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The applicant, who was HIV positive, alleged a violation of Articles 3, 8 and 13 of the ECHR on account of the risk that she would not have access to treatment if she and her children were expelled to Nigeria. The Grand Chamber, by a majority, agreed to strike out the case because the parties had reached a friendly settlement with the A and her children granted ILR on humanitarian grounds.
The case is notable however for the passionate dissenting judgment of Judge Pinto de Albuquerque who regretted that the Court had not taken the opportunity to revisit N. v. the United Kingdom. According to the dissenting judge, N v UK “distorts the reasoning behind Article 3 of the Convention, by watering down the legal force of that provision” and “legal reasoning is abandoned in favour of politics.” He concludes:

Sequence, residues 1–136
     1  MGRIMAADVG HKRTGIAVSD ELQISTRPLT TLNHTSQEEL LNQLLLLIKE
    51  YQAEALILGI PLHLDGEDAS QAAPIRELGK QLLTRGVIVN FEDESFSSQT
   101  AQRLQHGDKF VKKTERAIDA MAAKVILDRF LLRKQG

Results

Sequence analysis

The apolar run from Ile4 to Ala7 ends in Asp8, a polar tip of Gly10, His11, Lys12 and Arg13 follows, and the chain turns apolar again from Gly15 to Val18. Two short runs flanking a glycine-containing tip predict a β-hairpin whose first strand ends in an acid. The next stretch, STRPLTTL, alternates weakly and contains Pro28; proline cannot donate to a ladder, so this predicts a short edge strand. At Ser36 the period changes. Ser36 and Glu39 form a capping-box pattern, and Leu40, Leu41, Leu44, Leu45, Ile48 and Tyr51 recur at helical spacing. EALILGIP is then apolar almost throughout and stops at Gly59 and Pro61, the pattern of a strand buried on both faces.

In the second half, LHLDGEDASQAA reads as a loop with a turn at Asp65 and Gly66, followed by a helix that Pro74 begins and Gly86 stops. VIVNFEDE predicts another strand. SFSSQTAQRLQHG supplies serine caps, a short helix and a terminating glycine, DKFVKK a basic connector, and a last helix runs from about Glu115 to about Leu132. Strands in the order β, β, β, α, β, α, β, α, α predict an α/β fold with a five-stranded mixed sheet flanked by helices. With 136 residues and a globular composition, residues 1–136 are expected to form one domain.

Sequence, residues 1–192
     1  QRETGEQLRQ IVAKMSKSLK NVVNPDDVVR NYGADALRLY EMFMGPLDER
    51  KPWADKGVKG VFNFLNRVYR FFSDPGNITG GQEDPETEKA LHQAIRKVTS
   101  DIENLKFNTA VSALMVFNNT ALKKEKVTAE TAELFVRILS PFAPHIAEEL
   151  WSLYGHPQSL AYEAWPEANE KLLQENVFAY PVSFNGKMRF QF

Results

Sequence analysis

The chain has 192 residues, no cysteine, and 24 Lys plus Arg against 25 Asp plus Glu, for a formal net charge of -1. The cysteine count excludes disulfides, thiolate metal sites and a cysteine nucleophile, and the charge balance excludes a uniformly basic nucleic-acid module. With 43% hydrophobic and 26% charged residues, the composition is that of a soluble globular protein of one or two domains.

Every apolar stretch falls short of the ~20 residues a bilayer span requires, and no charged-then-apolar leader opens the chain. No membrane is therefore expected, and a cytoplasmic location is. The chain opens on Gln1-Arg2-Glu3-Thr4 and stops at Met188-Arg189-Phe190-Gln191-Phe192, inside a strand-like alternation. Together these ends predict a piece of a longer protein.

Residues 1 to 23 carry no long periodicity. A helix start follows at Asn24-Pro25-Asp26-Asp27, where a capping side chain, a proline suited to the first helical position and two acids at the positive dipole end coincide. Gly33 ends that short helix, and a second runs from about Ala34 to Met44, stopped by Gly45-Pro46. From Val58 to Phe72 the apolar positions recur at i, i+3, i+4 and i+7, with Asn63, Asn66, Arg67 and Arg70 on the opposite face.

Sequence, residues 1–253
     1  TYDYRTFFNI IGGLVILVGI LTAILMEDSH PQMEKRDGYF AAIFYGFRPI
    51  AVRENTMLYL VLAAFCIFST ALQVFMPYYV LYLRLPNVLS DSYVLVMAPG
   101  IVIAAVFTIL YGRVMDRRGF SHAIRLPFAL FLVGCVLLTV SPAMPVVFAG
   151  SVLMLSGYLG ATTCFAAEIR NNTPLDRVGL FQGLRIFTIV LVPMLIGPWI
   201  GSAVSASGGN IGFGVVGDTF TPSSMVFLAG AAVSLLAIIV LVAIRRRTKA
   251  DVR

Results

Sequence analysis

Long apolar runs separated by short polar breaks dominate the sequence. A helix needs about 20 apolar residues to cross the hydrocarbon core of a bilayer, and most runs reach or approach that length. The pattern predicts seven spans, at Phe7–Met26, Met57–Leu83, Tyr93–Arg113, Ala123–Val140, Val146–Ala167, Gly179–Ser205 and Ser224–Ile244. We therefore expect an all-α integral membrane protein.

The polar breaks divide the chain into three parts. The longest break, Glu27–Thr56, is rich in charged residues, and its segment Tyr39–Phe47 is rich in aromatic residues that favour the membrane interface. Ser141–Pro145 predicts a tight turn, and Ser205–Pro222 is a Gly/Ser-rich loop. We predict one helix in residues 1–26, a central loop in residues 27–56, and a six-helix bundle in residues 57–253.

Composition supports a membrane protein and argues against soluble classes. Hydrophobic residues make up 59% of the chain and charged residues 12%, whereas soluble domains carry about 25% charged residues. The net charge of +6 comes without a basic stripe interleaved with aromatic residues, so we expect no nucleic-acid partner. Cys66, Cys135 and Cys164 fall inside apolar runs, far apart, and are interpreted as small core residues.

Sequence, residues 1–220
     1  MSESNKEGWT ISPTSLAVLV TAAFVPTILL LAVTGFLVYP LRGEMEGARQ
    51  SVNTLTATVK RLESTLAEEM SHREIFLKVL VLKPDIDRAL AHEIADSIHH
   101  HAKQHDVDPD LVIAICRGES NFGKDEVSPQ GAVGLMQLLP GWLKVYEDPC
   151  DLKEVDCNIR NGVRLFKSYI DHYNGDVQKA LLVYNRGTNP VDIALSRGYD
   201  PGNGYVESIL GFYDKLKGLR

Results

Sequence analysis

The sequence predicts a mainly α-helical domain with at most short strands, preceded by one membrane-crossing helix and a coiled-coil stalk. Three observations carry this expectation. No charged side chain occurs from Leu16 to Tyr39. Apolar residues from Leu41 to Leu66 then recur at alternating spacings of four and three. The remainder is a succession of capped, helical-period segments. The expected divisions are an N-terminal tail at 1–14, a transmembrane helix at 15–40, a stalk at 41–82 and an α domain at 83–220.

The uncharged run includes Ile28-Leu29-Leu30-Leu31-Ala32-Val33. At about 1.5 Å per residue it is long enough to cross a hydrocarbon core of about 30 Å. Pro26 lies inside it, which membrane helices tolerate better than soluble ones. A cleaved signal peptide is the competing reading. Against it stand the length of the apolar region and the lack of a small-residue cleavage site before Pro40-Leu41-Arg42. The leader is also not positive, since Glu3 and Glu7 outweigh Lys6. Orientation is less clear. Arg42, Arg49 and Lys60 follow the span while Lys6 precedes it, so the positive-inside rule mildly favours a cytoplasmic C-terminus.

Too much time has elapsed since N.’s unnecessary premature death and the Court has not yet remedied the wrong done. I wonder how many N.s have been sent to death all over Europe during this period of time and how many more will have to endure the same fate until the “conscience of Europe” wakes up to this brutal reality and decides to change course…Refugees, migrants and foreign nationals are the first to be singled out in a dehumanised and selfish society. Their situation is even worse when they are seriously ill. They become pariahs whom Governments want to get rid of as quickly as possible. It is a sad coincidence that in the present case the Grand Chamber decided, on the World Day of the Sick, to abandon these women and men to a certain, early and painful death alone and far away. I cannot desert those sons of a lesser God who, on their forced path to death, have no one to plead for them.